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— thoughts of a recovering design imposter —

The House in the Cerulean Sea | T.J. Klune

***This may contain spoilers, please proceed with caution, can’t say that I didn’t warn you!***

This wasn’t an immediate favorite of mine. The beginning was a bit dark and dreary, though, to be honest, I hadn’t been sure what to expect. And I wasn’t extremely displeased with the overcast feel, I do like some darker and sometimes depressing reads. I can’t tell you why or how I managed to get past the first few chapters...a lot of me had been hoping for something a bit lighter...and maybe I somehow knew that it would become brighter. I’m not sure. I didn’t hate it but I also didn’t love the inauspicious beginnings of this novel.


But here is why I am glad I stuck around and that I didn’t put this down after about five chapters in. The story as a whole was beautifully nuanced and the characters are all multifaceted and feel real. The beginning, now that I’ve actually read the book through serves the purpose of showing the stark difference between life and truly living that life. We shouldn’t be so tied up in rules and regulations that we cannot see what is right in front of us.


Linus Baker is a case worker, he is supposed to assess whether “orphanages” for magical youths are doing their job properly. Which while seemingly a good and noble thing Mr. Baker doesn’t concern himself with what comes after he makes his recommendation. The rules and regulations stipulate that that is someone else's problem (which will always and forever be SEP shields in my mind, thanks to Hitchhikers Guide…).


And his life is rather sad but it's the best he can manage working 17 years at the same job and always following the expectations of others. But then he gets a special assignment and his whole world is turned upside down.


He is picked for this assignment because he has done the best job of making thorough reports based only on the facts, never letting himself be swayed by his feelings or heart. This is what he’s trained for, and yet, as soon as he sets foot on the island he is constantly feeling off kilter and incapable of keeping his heart outside of the report process.


The children are beings that defy his expectations. All their lives they’ve been told by society that they don’t matter, that they are monsters and that they do not belong. Linus must put aside his prejudice to truly see them and make an accurate assessment but the more he does so the more he feels for them.


Then there is the master of the house, Arthur Parnassus, with which Linus feels a deep connection. Will he still feel that as the agency he works for tries to keep his loyalty by spilling secrets that weren’t theirs to share? That is the moment he begins to question their intentions and it ends up furthering his connection to the mysterious Arthur.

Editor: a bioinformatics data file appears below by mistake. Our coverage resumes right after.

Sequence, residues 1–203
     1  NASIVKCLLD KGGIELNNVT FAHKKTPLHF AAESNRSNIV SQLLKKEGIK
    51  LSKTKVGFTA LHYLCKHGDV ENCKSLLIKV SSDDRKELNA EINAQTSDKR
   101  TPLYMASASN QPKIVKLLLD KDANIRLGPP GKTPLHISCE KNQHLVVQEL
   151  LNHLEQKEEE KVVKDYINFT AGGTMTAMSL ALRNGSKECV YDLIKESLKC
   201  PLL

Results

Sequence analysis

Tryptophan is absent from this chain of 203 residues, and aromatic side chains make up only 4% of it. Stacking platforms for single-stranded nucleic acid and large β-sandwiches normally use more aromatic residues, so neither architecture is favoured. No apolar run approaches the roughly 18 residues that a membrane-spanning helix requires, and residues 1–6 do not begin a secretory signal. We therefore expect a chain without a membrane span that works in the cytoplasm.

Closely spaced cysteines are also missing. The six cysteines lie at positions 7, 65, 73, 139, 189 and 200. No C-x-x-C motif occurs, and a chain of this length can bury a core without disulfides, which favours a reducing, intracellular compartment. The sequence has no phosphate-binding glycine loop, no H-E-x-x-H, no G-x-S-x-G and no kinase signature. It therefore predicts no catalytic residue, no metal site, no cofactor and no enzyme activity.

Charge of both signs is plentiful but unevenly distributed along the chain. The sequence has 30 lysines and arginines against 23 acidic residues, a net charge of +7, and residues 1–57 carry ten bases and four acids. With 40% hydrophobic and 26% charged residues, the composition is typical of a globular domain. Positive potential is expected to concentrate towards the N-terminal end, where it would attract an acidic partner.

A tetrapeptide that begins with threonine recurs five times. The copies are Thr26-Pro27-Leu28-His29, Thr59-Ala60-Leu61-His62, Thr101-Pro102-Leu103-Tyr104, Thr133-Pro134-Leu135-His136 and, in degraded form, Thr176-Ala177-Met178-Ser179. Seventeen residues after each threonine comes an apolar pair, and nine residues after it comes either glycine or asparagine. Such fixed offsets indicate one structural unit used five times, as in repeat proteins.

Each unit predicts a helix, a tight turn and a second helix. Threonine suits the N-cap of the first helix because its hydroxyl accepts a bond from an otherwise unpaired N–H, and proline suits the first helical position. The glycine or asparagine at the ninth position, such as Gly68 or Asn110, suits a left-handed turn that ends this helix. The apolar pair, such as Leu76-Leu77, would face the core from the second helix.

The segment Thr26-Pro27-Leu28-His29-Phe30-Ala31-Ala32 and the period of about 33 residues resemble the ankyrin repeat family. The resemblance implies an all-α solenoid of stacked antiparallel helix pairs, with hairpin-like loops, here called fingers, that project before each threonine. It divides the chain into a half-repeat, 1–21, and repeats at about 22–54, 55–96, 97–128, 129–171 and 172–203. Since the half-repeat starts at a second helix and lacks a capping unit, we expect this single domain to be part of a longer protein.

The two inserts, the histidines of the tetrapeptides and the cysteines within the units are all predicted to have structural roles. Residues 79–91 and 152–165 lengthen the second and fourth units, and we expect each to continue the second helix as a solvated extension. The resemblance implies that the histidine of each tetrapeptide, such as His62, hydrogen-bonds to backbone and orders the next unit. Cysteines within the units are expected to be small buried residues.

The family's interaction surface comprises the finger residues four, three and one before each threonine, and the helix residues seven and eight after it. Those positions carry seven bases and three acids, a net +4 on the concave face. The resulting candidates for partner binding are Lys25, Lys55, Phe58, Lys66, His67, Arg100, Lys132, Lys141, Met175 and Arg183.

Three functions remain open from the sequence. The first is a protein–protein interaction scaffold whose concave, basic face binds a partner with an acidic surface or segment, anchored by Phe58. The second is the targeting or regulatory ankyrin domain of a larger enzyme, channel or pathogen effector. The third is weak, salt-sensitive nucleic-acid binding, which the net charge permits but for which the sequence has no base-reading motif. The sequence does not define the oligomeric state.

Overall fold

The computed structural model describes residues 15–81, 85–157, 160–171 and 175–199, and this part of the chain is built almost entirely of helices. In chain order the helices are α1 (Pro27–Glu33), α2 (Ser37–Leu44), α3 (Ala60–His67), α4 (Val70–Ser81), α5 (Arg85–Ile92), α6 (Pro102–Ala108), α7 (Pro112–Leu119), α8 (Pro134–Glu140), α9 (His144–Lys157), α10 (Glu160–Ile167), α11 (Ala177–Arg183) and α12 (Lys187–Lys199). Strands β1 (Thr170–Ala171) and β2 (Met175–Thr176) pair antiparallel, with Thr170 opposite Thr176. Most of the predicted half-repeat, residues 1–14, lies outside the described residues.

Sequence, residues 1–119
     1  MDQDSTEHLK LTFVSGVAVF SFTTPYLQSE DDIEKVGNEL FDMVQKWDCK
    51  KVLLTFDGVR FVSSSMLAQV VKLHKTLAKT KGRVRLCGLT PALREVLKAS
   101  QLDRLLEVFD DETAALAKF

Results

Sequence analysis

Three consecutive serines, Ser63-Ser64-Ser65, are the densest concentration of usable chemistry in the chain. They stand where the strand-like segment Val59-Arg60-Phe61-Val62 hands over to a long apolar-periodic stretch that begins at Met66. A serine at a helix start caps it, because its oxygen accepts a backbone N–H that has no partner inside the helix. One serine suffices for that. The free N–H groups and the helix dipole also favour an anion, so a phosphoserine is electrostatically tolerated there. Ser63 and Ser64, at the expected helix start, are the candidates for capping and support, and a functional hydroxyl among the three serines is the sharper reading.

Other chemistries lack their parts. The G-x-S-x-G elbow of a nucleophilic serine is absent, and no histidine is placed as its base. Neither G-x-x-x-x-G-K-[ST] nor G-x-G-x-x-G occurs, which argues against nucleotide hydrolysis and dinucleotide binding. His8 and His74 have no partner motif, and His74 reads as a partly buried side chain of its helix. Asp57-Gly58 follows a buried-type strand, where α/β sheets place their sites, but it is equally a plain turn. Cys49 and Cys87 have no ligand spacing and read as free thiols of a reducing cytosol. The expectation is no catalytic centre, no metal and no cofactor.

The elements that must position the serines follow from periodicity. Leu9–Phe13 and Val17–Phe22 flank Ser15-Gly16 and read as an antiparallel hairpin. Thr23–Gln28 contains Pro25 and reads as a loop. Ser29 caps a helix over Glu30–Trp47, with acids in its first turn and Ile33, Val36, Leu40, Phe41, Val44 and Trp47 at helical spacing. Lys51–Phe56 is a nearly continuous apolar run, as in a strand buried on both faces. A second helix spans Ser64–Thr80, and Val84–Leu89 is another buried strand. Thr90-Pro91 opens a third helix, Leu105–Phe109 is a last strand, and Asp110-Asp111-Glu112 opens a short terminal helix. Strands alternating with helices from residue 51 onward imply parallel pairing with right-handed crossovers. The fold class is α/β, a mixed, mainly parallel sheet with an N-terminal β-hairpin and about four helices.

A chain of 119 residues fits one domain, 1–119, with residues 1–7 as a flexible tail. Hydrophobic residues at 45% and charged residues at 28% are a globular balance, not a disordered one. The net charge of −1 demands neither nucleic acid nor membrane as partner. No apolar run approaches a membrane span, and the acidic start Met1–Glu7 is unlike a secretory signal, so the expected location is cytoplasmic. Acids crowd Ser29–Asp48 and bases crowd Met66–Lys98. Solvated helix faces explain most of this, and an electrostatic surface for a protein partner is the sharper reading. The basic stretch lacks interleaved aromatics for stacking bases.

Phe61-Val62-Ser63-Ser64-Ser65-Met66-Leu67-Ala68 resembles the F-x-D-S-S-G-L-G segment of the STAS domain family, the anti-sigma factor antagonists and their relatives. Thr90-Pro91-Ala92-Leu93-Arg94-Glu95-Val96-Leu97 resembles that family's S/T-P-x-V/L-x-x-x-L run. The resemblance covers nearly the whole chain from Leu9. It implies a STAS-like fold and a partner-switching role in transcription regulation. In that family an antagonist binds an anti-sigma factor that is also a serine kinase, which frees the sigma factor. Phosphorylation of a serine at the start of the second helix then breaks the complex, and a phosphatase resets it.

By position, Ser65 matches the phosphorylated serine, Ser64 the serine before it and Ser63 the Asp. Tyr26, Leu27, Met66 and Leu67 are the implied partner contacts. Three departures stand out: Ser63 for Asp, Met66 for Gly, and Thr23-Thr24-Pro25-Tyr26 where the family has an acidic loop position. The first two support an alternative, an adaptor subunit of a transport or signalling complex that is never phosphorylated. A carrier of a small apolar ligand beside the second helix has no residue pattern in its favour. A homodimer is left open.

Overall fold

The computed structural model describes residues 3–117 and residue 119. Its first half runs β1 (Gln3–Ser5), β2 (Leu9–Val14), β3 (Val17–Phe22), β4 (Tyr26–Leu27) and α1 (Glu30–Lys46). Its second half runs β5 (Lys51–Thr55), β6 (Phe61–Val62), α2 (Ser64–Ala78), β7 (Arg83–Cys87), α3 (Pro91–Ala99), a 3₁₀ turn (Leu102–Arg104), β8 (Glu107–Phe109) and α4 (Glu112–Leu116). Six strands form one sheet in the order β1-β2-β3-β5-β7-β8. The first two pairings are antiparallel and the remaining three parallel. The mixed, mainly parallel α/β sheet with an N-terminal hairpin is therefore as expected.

“Why can’t life work whatever way we want it to? What’s the point if you only do it how others want you to?...There are moments in your life, moments when chances have to be taken. It’s scary because there is always the possibility of failure. I know that”

—Zoe to Linus as he is leaving Arthur and the children behind


The ending is what moved and resonated with me. It’s also bloomed with such color and joy, especially compared to the beginning. Linus lets go of his rules, his regulations, and his entire existence to go back to the house in the Cerulean Sea because they all showed him (even Lucy, the not-so-scary child antichrist) that he had never really, truly been living until he met them. They loved him and encouraged him to live in a way that no one had before.


“‘I popped my bubble,’ he told her, needing her to understand. ‘It kept me safe, but it kept me from living…’”

—Linus to Helen on his way back to Arthur and the children


Linus Baker learns that life is often only worth living when you have something to live for, the children and his love for both them and Arthur. Choosing to come back to them is the most terrifying decision he could make because there is so much room for failure, he had already failed them, in a way, by leaving when it was obvious to everyone involved that he wanted to stay, to live.


Rules, regulations, expectations, those often only take away from your ability to live life to the fullest and most joyful. I know that first hand, I was always trying to follow ALL the rules/regulations or find someone else's expectation to cling to. It wasn’t until I made that terrifying decision to live life on my terms that I understood what living truly was.


with <3

—A Recovering Design Imposter

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